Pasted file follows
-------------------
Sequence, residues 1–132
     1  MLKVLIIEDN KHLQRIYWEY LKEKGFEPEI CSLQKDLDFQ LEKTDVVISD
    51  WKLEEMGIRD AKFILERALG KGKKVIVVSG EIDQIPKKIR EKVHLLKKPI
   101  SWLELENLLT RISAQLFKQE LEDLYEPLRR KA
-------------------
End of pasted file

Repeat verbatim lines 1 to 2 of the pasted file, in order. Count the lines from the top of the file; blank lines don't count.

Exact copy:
Sequence, residues 1–132
     1  MLKVLIIEDN KHLQRIYWEY LKEKGFEPEI CSLQKDLDFQ LEKTDVVISD